Lots of scams out there, but many obvious signs

Franklin state police say they continue to field frequent calls from people reporting telephone scams.

In fact, one dispatcher told the newspaper last week that she sometimes receives three or four calls on one shift about potential scams.

But experts stress there are obvious signs to look for to identify scams. And those experts also say there are several helpful tips out there for people who receive a call they think may be a scam.

Michelle Tarr from Venango County Older Adult Services pointed out that Social Security and other federal agencies never call people out of the blue. Those agencies always send a letter through the mail saying they will call.

The Social Security Administration website says the SSA will never “call you to demand an immediate payment; demand that you pay a debt without the ability to appeal the amount you owe; require a specific means of payment, such as requiring you to pay with a prepaid debit card; ask you for your personal information or credit or debit card numbers over the phone; or threaten you with arrest or deportation.”

If callers who say they are from the SSA say any of these things, that is a sure sign it is a scam call.

Jake McVay of Protective Intake Crisis for Venango County added that banks and credit cards also do business through the mail, not by calling people.

“If you get a call take the information and verify it. Don’t call back the number. Call your bank and verify the information with them,” Tarr said.

Michelle McGee, the community service officer for Franklin state police, said “Ask for a call back number and/or supervisor’s name for verification. Legitimate banks and credit card companies are well aware of these scam tactics and they do not make phone calls asking for sensitive account information.”

Tarr and McVay say never give out your Social Security number, banking information or any other information over the phone.

“Never send money over the phone,” McVay said.

McGee said scammers are very persuasive and skilled in manipulation. She said they sometimes have some limited personal information to make the call seem legitimate.

“Often, they may ask for confirmation and reference a certain account that the person actually holds,” McGee said.

She said a way to protect against fraud is to monitor all account activity carefully and get a free credit report on yourself.

Tarr added that if a person gets a call saying their grandson or granddaughter is in trouble, they should call their child or another relative to ask where their grandchild is.

Another tip Tarr offered was not to answer the phone if you don’t recognize the phone number. If the call is important, the caller will leave a voicemail message, Tarr said.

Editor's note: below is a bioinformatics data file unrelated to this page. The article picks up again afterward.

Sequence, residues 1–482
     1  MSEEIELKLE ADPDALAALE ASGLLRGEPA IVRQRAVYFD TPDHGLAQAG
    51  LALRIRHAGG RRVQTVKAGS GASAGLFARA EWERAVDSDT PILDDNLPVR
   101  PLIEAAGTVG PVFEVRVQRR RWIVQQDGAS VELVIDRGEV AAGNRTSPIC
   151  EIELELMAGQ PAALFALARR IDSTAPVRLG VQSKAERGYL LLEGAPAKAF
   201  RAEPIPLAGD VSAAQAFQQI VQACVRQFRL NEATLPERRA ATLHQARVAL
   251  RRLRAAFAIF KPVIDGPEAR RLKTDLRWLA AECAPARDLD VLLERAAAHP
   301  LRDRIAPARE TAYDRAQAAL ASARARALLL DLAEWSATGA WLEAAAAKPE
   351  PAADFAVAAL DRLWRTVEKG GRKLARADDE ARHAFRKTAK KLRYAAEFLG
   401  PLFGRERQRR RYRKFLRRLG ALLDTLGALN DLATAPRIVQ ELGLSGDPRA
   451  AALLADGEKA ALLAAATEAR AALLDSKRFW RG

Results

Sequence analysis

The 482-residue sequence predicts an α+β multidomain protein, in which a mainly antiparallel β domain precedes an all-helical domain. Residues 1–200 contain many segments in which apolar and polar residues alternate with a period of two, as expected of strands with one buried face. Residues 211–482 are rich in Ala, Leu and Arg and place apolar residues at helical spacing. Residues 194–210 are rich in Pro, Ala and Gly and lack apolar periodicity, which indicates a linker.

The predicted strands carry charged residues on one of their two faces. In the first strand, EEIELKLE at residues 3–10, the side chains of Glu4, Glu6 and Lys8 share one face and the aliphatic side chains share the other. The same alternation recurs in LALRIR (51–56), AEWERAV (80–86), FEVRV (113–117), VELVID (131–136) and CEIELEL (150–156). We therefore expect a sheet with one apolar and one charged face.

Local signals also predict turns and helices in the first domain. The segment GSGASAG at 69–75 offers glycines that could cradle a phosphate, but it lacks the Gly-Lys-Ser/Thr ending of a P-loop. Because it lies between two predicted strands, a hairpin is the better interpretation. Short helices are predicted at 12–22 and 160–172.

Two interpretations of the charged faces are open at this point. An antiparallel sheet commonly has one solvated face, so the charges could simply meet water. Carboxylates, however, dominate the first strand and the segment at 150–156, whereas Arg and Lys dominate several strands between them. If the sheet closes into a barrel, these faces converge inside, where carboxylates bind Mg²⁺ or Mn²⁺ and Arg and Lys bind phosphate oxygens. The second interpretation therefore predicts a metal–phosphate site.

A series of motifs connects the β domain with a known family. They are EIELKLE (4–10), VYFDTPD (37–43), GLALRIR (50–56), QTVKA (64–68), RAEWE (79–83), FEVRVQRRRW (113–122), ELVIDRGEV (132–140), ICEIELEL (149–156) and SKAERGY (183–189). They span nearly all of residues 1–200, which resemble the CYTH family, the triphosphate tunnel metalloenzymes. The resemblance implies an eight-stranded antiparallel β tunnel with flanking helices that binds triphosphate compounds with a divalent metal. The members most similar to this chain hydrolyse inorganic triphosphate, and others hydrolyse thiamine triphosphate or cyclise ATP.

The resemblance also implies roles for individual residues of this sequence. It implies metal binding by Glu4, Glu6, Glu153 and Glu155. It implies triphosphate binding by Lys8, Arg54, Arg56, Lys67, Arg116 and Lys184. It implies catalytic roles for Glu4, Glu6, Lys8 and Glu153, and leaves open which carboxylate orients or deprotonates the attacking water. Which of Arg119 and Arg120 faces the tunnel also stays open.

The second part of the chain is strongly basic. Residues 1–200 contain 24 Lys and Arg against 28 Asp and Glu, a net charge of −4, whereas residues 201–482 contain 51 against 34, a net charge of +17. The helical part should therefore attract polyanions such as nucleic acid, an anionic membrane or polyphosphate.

McGee said caller ID is no longer reliable.

“Any phone number can be input to make it appear as if it’s a legitimate phone number,” McGee said. She added that local 814 area codes, area cell phone numbers and legitimate business numbers are being used.

Tarr, McVay and McGee all pointed out that everyone should be vigilant because scams don’t only target the elderly.

“Facebook messenger and other social media apps and games are another means by which individuals may fall victim. Scammers reach out and convince someone to purchase Google Play cards in certain amounts, send to a P.O. box and in return, they promise a large cash sum will be sent,” McGee said.

One other telltale sign of a scam on the phone or over the Internet is if a person is asked to pay for anything with gift cards, according to the Federal Communications Commission website. The website said scammers often ask for this form of payment because it is hard to trace and non-refundable.

Some scammers call and claim the person has won a big prize or sweepstakes, then say you must pay a fee or give them sensitive banking information in order to get the prize, according to the FCC website.

“You can’t win a contest you didn’t enter,” McGee said.

Another way to identify email scams and scams in the mail is to look for grammatical errors or strange email addresses.

“A large well-known corporation is not going to have a Hotmail or Yahoo account,” McGee said.

She said it is also important to be aware of links within the body of an email.

Links from scammers could load malicious software onto a computer if they are opened, the FCC website said.

McGee said people can go to IC3.gov for more information about scams or make a complaint if they believe they have fallen for a scam.